Match Group Disputes Claim It Intentionally Undervalued Tinder

Match Group
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There’s no sign of a slowdown in the legal battle between Tinder co-founder Sean Rad and Tinder’s parent company, IAC/Match Group.

In August, Rad and nine other plaintiffs sued IAC over alleged devaluation. Rad claims the company undervalued Tinder in July 2017 at $3 billion to prevent him from accessing the full value of his stock options. The suit alleges that IAC created “a false picture of Tinder’s financial condition and prospects” resulting in “bogus numbers” and that “through deception, bullying, and outright lies, IAC/Match stole billions of dollars from the Tinder employees.”

IAC is now fighting back with a motion to dismiss the lawsuit, filed on October 9, which claims that Rad “fully participated in the valuation process” of Tinder and shares responsibility for the company being undervalued. Though IAC failed to accurately predict Tinder’s success over the past year, the motion argues, Rad also failed.

Match and IAC allege that, as part of the valuation process, Rad estimated that Tinder would bring in $500 million in revenue this year. Match Group guessed lower, around $450 million, and Barclays’ estimation fell in between at $485 million. In actuality, Tinder is on target to reach $800 million in revenue by the end of 2018.

In addition to the 2018 revenues discrepancy, the motion claims Match estimated revenue growth rates would plummet more than 90% over the next five years, while Rad forecast a decline of 93%.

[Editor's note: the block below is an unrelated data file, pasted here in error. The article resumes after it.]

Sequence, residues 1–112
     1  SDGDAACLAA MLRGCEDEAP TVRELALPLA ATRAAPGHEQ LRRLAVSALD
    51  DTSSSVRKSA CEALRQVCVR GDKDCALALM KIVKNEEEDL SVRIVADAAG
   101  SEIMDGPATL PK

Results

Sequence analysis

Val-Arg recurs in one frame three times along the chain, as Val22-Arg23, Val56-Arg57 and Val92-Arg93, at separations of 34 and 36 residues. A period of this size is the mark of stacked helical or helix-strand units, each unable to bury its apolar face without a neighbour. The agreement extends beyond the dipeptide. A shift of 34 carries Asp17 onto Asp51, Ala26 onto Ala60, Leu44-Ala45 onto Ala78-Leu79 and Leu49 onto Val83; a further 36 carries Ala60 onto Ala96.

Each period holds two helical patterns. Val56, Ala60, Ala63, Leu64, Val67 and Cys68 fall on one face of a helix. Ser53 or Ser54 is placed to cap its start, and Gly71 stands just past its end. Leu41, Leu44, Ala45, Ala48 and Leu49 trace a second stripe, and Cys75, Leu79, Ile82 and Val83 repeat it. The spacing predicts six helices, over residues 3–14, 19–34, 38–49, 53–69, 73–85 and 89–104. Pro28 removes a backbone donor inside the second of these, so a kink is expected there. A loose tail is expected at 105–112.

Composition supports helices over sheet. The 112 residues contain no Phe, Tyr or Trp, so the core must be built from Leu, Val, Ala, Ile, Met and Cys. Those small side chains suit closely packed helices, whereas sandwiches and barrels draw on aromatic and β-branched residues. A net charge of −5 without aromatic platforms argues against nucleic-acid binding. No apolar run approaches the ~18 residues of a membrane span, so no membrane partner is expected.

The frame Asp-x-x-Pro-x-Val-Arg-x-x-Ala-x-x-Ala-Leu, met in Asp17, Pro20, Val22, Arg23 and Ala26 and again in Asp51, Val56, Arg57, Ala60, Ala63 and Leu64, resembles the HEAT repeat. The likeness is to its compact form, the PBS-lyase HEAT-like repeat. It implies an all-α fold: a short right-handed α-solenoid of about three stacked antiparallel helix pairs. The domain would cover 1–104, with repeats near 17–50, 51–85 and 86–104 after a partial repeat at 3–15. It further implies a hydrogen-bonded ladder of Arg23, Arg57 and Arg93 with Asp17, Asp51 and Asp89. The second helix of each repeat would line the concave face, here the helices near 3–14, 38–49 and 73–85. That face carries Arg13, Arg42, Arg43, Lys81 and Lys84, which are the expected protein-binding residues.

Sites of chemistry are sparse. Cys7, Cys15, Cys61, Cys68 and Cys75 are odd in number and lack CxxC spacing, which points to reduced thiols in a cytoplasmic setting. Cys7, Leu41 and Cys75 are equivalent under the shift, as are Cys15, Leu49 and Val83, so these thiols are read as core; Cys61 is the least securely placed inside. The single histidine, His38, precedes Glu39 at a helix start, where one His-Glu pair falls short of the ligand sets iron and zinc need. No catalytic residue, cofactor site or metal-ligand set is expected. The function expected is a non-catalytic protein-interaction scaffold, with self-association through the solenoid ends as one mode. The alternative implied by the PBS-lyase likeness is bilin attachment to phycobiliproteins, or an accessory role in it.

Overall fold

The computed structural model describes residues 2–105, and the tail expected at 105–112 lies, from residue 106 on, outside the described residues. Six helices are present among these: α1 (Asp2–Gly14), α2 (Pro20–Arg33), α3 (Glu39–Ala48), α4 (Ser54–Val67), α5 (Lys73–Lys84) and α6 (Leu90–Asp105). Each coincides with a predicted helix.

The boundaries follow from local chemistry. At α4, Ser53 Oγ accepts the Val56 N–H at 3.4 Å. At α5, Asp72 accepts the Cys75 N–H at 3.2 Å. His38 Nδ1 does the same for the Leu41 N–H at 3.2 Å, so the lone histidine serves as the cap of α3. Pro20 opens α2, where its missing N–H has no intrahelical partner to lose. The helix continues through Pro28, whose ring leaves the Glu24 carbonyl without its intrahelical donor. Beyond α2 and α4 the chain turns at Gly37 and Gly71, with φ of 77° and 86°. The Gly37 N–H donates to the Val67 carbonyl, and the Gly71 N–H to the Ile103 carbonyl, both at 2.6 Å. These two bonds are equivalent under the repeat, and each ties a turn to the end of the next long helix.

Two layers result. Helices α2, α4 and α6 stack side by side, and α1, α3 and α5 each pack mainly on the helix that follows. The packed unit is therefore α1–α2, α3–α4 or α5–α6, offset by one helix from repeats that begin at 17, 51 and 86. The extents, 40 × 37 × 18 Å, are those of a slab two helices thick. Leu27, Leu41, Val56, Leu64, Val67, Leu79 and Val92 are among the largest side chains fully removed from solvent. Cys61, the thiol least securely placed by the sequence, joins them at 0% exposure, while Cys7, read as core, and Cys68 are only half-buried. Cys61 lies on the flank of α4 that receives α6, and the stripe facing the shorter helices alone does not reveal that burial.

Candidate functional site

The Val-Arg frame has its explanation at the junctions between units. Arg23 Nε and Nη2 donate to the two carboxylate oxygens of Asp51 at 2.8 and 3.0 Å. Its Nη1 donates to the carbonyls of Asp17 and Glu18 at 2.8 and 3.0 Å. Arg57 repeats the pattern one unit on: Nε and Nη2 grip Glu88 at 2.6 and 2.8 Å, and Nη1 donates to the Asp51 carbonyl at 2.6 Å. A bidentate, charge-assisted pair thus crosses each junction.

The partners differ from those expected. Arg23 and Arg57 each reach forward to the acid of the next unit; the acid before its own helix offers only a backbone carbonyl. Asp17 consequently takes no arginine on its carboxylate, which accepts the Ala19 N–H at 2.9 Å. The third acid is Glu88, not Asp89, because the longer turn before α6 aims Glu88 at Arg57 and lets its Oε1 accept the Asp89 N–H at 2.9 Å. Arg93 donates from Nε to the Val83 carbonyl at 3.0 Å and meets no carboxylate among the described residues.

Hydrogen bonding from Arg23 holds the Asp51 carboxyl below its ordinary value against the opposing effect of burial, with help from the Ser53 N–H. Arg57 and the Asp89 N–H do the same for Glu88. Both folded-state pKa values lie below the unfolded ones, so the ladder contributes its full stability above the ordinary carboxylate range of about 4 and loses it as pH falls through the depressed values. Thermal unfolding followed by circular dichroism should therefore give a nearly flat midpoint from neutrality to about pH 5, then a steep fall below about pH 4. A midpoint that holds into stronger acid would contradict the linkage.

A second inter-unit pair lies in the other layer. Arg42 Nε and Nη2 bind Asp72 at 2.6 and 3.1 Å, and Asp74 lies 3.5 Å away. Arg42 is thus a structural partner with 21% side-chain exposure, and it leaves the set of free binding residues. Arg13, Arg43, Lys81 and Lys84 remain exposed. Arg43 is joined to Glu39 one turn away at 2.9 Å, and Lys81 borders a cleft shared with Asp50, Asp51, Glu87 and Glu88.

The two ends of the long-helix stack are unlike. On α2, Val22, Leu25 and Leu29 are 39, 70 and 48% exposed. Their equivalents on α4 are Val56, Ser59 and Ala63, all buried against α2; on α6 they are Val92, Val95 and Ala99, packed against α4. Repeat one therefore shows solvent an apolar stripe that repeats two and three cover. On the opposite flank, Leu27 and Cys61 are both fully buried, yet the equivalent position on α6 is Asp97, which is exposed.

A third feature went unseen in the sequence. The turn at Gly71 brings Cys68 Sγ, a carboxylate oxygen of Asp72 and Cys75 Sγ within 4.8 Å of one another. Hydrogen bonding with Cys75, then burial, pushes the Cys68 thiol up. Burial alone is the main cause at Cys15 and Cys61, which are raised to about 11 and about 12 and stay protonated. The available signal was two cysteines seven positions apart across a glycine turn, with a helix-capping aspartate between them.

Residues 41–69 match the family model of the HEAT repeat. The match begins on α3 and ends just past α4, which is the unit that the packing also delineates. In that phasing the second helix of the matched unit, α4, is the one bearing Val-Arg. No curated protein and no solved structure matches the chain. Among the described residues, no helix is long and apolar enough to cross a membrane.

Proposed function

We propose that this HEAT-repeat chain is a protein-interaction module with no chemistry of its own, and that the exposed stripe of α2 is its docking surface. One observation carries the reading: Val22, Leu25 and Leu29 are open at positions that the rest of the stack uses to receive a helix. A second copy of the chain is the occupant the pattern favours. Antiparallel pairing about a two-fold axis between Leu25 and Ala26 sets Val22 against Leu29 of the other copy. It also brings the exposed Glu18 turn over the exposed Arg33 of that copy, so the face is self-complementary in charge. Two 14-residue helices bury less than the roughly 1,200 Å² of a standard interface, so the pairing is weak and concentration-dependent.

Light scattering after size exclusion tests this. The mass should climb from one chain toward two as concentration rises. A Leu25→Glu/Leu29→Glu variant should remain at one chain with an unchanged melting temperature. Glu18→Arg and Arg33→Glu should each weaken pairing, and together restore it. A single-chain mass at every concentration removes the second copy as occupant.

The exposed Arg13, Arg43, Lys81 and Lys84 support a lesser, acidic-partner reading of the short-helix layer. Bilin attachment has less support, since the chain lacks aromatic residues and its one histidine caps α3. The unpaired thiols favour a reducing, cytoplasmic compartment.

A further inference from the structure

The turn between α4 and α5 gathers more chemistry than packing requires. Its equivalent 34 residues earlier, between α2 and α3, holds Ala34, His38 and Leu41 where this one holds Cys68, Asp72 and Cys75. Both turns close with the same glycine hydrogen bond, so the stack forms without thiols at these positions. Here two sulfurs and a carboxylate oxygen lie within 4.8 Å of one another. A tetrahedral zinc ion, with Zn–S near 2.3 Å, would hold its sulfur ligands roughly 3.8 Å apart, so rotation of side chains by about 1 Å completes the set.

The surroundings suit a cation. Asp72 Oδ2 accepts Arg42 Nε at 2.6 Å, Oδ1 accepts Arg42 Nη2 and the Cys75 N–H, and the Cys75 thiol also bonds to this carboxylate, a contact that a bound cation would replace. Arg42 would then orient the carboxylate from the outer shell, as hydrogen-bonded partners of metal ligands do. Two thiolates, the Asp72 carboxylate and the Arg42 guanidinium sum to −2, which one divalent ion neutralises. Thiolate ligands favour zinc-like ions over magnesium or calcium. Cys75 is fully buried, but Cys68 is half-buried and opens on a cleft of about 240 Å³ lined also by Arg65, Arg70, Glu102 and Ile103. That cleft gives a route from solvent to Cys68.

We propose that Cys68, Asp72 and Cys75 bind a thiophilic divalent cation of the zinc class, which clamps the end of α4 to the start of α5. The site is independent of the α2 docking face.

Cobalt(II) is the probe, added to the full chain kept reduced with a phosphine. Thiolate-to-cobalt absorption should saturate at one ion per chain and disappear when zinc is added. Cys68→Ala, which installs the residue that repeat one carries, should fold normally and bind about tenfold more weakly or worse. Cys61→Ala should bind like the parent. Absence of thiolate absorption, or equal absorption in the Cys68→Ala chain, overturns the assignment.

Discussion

The October 9 filing makes the case that these valuations were not significantly different, and that what difference there is cannot be considered corporate dishonesty.

“Rad fully participated in the valuation process, advised by lawyers and investment bankers, and provided the banks with his own projections that wildly underestimated Tinder’s success,” IAC/Match said in a statement. “When the banks determined Tinder’s value Rad exercised his options and cashed out as soon as was permissible. In doing so, Sean Rad bet against Tinder, and then watched from the sidelines as Match’s stock increased 150%. He cannot unwind that gamble now simply because he regrets it.”

Rad’s attorney Orin Snyder responded in a statement: “IAC and Match know they cheated Tinder employees out of billions of dollars. Their sham valuation is a case study of corporate dishonesty and corruption. When the jury sees the evidence, we are confident the talented team who built Tinder will prevail.”

This is not Match Group’s only headline-making legal crusade. The company is also currently embroiled in a lawsuit with Bumble, which alleges that Bumble stole key functionality from Tinder. Bumble countersued in March and Match Group called for Bumble’s lawsuit to be dismissed in September.